In an interview with Vanity Fair, the creative director for Indika Entertainment, James Verdesoto, discussed the importance of color schemes in developing effective movie posters. For example, a movie poster with a white background and a red title signifies that the film in question is comedic. This allows the eyes to focus more on the smaller details of the character’s actions rather than the negative space within the poster. Movies such as “Hitch” and “Planes, Trains, and Automobiles” use this technique. Although commonly recognized, another strategy is to add yellow to the posters of independent films. Because these films have smaller budgets compared to wide-release features, independent studios use yellow to easily grab people’s attention.

The most noteworthy movie posters layer information beneath a first glance. While it’s easier for illustrators to draw exactly what happens in a film, the most creative posters portray themes and symbols that only become more clear after a closer look, often with prior knowledge of the story.

For example, the movie poster for the 1982 film “The Thing” cleverly illustrates the ambiguity of the extra-terrestrial antagonist. For those unaware, the film follows a research team stationed in Antarctica that’s being hunted by a shape-shifting alien. The poster shows a figure that resembles a person with a heavy coat on, yet the bright light covering their face doesn’t show if they are actually human. This alludes to the fact that the alien can morph into anyone and anything; it could even be lurking within the group of researchers under a human disguise.

Another tremendous and more recent example comes from the exalted animated film, “Spider-Man: Into the Spider-Verse.” In its poster, the protagonist Miles Morales appears to be flying upwards, but the background makes it appear as though Morales is actually falling down. However, Morales’ raised right hand symbolizes his carefree personality and courageous attempt to save someone. The background also subtly acts as an indication that Morales and his life will significantly change as if his world has been turned upside-down.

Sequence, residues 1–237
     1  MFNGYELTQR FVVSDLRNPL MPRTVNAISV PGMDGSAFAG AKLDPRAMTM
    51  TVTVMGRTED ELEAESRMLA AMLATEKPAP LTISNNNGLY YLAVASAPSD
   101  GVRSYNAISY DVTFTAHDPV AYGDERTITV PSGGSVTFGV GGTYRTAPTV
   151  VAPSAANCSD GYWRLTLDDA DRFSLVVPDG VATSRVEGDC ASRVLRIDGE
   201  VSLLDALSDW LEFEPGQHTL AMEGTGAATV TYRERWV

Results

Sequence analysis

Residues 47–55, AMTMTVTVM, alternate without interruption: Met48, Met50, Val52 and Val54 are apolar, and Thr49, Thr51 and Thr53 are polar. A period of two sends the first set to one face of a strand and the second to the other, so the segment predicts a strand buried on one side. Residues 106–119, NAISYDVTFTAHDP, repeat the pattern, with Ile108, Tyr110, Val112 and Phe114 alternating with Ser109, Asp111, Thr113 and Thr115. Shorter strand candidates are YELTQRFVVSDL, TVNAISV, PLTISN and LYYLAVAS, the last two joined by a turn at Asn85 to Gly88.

Movie posters are an integral part of filmmaking. They can illustrate the themes and ideas of a film without spoiling the plot. They can also mix all sorts of eye candy to entice viewers and inspire critical analysis. The current trend of “floating head syndrome” compromises the beauty of a movie poster; it grinds down the art form onto a platter marinated with a careless, collect-them-all mentality.

Starting from a simple idea, movie posters evolved into a creative approach for marketing films and condensing the adroit craft of storytelling into a single frame. Seek to learn what makes movie posters great so you can appreciate their complex arrangements and subtly utilitarian beauty.

Writer Profile

Paul Hoskin

Weber State University
Interpersonal and Family Communication

I strive to find passion and love for anything and everything I can find. I know a lot about a few things, and a little about a lot of things.